Header Bar Graphic
Shuttle Image and IconAerospace HeaderBoy Image
Spacer TabHomepage ButtonWhat is NASA Quest ButtonSpacerCalendar of Events ButtonWhat is an Event ButtonHow do I Participate ButtonSpacerBios and Journals ButtonSpacerPics, Flicks and Facts ButtonArchived Events ButtonQ and A ButtonNews ButtonSpacerEducators and Parents ButtonSpacer
Highlight Graphic
Sitemap ButtonSearch ButtonContact Button

Aerospace Team Online

ATO#126 Designing a Mars Airplane - March 23, 2001

Part 1: Upcoming Chats
Part 2: Contest
Part 3: Pushing, Pulling and Twisting
Part 4: Designing a Mars Airplane ____________________________________________________


Enter these chats from the Common Events page


Aerospace Team Online Chat with Chris Lockwood
Tuesday, March 27, 2001 12 AM PST - 1 PM EST
Chat with Chris Lockwood the lead engineer in the balance calibration lab. Chris knows about wind tunnel testing and wind in sails too. Read his bio at http://quest.nasa.gov/aero/wright/team/clockwood.html

Atmospheric Flight 2 with Steve Smith
Thursday March 29, 2001 10 AM PST
Students have a second chance to ask Steve Smith questions about flight in Earth's and Mars' atmosphere. Go to http://quest.nasa.gov/common/events/ to attend.
Atmospheric Flight is important to understand in order to design for planetary flight. Visit the archive of Atmospheric Flight http://quest.nasa.gov/aero/events/atmos.html

Aerospace Team Online Chat with Kelly McEntire
Wednesday, April 4, 2001 10 AM PST - 1 PM EST
Chat with Kelly McEntire the branch chief for Turbo Machinery. Have you been wondering about whether to use a Turbo Jet engine for your Mars Airplane Design? Kelly knows propulsion. Read his bio at http://quest.nasa.gov/aero/team/mcentire.html

Aerospace Team Online Chat with Joe Kolecki
Tuesday, April 17, 2001 10 AM PST - 1 PM EST
Chat with Joe Kolecki a physicist specializing in space environment effects. His speciality is the planet Mars. Do you have a question for him about what the environmental effects on a Mars airplane? Read his bio at http://www.lerc.nasa.gov/WWW/K-12/CoE/JoeKolecki.htm ____________________________________________________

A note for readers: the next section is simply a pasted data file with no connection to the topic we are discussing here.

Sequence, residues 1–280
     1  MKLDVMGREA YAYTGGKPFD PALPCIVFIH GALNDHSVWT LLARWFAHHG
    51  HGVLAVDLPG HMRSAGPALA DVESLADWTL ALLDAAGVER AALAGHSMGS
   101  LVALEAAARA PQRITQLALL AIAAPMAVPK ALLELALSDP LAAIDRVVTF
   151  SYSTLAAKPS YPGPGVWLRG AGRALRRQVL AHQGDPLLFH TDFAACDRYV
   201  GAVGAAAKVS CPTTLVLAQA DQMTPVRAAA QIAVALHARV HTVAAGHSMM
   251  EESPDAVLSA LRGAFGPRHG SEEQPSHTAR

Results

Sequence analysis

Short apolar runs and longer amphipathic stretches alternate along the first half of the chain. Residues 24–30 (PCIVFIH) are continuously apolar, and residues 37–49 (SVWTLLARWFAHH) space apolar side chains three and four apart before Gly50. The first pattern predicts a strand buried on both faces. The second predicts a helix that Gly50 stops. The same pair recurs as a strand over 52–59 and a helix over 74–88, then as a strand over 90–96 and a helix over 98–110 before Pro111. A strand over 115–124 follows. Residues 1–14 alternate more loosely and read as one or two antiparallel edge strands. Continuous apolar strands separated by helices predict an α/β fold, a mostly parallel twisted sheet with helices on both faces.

Planetary Flight Book Jacket: March 26 to April 26, 2001

Grades 5-8

Contest Description:

This contest invites students to create a book jacket for a novel about planetary flight. The book jacket should include the title, author, and illustration on the cover. The binding should include the title of your story and the author's name. The back of the jacket should include a brief description about the characters, setting, and plot of the story.

For more information visit: http://quest.nasa.gov/aero/planetary/contest.html ____________________________________________________
[Editors Note: Chris is a mechanical engineer who invented a robotic balance calibrator. His work is to make sure that the balance measures strains correctly. Read his bio at http://quest.nasa.gov/aero/wright/team/clockwood.html ]


by Chris Lockwood

March 23, 2001

My name's Chris Lockwood and I work in the balance calibration lab. The last time I did a web chat was during the Wright Flyer effort here at NASA Ames Research Center. I explained a little about wind tunnel balance at that time too You can check that info out on the web at: http://quest.arc.nasa.gov/aero/wright/team/fjournals/lockwood/index.html

A wind tunnel balance (or just balance) is a thing that looks like the cardboard tube from a paper towel roll with the cone part an ice cream cone, stuck in one end. The "cone" part fits into the end of a long pipe called a sting. The sting is mounted in the wind tunnel so the tip - the balance - is pointing up stream. The balance has electronics inside to measure forces. If you were to hang on the balance, it would tell you how much you weigh, where you were hanging and which direction. Now of course gravity only goes down so the direction would be down, but if you put your feet the floor and push up on the balance it would tell you how hard you were pushing, and the new direction.

So what? Well now if you mount a model of an airplane on the balance and blow some are air across the wings, the balance will tell you how much lift the wings are generating and which direction. In fact the balance tell you every thing that the wind is doing to the model, in all directions - pushing, pulling and twisting. The thing to remember about a wind tunnel is this: if the model is stationary, and you blow air over it at 100 miles per hour, model thinks it's flying at 100 miles per hour even though it's going nowhere (models don't really think, but you get the idea). A wind tunnel simulates flight without having to first make something fly. It's a tool for experiments.